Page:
Both Cotter and Weisberg dismissed Etue’s defense of the current law. Weisberg acknowledged police need tools to shut down criminal activity, but said they have to respect people’s rights at the same time.
“All we’re asking for is oversight, transparency and parameters around how this law is used,” Weisberg said.
While agencies submit an annual asset forfeiture report to MSP, Cotter said agencies are not being required to report to a satisfactory standard. Last year, 8 percent of agencies did not report their seizures at all.
Additionally, Cotter said, those reports should be more accessible to the public, rather than the information simply being sent to an office in Lansing.
The State Police have strict rules dictating that its civil asset forfeiture proceeds be channeled into training and equipment budgets. This, however, is not true of all agencies.
More than $24 million in assets was seized in 2013, according to the State Police 2014 asset forfeiture report. The agencies reporting the highest asset seizure proceeds were Wayne, Macomb, Oakland, Ingham and Kent counties. Statistics were from both sheriff’s offices and police agencies within the counties.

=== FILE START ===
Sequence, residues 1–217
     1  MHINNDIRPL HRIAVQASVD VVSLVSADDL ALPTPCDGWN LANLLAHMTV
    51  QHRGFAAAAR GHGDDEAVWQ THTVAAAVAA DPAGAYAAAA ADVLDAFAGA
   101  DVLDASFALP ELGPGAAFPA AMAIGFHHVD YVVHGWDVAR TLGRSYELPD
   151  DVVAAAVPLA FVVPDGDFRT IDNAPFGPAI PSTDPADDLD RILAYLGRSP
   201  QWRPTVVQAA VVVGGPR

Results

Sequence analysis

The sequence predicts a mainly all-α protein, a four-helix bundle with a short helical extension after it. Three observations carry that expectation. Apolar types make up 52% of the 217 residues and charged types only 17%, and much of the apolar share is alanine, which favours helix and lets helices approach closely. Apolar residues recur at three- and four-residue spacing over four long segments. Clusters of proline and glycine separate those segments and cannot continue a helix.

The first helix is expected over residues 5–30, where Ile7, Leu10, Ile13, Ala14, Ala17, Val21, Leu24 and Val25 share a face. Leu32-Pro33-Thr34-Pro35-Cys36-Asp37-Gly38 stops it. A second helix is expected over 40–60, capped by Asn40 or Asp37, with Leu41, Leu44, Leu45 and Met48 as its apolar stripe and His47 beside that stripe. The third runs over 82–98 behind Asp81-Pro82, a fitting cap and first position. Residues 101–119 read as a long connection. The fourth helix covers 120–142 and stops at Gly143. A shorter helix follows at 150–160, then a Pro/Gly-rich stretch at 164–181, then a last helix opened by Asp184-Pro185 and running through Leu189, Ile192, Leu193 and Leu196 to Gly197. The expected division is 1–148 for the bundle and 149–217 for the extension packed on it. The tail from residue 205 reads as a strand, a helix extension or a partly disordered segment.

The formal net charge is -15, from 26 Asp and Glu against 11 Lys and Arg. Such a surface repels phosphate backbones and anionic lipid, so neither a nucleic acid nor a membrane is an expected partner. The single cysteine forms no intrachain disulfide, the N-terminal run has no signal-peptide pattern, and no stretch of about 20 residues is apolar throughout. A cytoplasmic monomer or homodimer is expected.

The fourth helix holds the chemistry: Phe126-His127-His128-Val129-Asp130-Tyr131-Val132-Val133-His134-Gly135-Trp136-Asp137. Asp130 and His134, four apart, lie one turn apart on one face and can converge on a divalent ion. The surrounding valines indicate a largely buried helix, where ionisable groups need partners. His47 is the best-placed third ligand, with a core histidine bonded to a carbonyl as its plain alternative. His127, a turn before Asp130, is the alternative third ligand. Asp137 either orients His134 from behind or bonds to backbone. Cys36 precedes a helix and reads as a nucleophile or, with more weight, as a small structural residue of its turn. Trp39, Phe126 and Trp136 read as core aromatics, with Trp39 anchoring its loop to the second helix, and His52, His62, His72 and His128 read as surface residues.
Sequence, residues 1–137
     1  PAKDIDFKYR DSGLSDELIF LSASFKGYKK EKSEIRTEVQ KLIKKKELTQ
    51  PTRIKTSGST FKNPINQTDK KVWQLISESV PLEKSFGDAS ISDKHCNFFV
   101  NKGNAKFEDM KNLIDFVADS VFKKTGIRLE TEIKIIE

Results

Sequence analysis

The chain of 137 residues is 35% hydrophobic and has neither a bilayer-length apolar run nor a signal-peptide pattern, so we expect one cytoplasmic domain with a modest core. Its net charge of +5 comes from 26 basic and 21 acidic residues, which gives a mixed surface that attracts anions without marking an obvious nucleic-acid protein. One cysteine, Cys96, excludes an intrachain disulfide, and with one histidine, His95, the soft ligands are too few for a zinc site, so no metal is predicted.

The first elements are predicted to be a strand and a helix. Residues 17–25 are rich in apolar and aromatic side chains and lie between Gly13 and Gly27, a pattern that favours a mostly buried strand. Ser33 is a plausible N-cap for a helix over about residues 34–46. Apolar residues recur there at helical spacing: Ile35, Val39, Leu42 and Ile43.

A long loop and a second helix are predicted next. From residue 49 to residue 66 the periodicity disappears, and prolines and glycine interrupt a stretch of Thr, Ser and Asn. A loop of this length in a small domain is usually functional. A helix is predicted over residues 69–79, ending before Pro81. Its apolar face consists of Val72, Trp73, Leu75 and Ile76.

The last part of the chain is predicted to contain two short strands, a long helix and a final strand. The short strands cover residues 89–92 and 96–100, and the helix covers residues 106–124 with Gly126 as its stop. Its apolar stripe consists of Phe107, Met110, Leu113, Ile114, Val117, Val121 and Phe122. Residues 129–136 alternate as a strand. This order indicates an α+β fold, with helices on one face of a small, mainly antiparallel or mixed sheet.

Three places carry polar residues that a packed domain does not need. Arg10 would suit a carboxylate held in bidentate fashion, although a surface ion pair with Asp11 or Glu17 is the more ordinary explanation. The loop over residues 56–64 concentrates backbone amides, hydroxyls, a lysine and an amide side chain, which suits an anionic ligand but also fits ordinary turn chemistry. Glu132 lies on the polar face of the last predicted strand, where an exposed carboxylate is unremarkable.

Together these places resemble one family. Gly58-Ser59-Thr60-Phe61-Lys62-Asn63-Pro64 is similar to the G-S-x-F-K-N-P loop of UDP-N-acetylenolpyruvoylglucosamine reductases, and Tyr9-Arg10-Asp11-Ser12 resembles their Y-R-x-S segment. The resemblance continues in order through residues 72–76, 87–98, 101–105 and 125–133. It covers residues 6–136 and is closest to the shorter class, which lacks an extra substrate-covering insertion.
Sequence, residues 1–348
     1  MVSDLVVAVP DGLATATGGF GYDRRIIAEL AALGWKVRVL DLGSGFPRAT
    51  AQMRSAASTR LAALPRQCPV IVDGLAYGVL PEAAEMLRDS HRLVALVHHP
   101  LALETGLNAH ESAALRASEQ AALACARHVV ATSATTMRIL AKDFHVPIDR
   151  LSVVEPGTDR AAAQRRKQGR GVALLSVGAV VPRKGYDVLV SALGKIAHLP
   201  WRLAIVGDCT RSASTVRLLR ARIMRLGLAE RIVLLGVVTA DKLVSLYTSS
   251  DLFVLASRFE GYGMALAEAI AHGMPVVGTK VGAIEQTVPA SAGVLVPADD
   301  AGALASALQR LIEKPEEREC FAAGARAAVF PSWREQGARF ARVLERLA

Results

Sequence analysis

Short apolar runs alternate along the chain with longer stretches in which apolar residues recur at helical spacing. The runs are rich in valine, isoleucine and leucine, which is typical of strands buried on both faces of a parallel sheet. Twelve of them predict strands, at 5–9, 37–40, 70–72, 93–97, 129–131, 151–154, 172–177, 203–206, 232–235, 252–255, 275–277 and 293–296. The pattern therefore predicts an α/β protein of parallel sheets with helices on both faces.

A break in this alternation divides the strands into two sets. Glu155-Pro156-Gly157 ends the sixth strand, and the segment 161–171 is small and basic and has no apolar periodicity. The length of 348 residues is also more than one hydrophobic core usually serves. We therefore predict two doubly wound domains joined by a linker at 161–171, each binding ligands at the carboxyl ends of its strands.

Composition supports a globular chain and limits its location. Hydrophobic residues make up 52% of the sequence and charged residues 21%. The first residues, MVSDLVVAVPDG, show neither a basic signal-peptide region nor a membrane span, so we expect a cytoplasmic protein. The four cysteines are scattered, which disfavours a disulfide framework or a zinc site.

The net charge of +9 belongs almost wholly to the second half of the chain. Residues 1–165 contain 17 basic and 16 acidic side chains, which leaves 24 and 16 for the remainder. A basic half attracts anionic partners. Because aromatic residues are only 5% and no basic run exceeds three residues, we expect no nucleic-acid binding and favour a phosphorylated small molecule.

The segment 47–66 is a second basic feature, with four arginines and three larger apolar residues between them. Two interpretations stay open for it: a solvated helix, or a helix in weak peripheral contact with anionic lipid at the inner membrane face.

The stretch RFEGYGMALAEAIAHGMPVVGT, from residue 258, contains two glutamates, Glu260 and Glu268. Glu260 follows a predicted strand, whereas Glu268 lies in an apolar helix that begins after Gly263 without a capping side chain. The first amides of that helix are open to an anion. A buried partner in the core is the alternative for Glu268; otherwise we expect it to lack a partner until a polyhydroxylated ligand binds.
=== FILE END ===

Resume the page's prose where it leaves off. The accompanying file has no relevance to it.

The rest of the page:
The report says the proceeds help pay for such expenses as informant fees, undercover purchases, training costs, supplies, and building and utility costs for narcotic unit operations or department telephone bills.
Cotter said he is open to discuss funding with police agencies but that Michigan should not continue to condone a bad system just because departments need money.
“I don’t think we can be defending the current system of civil asset forfeiture for the revenues that can be generated from it,” Cotter said. “The laws should not be kept simply due to budgetary concerns. Our primary concern should be an equitable justice system.”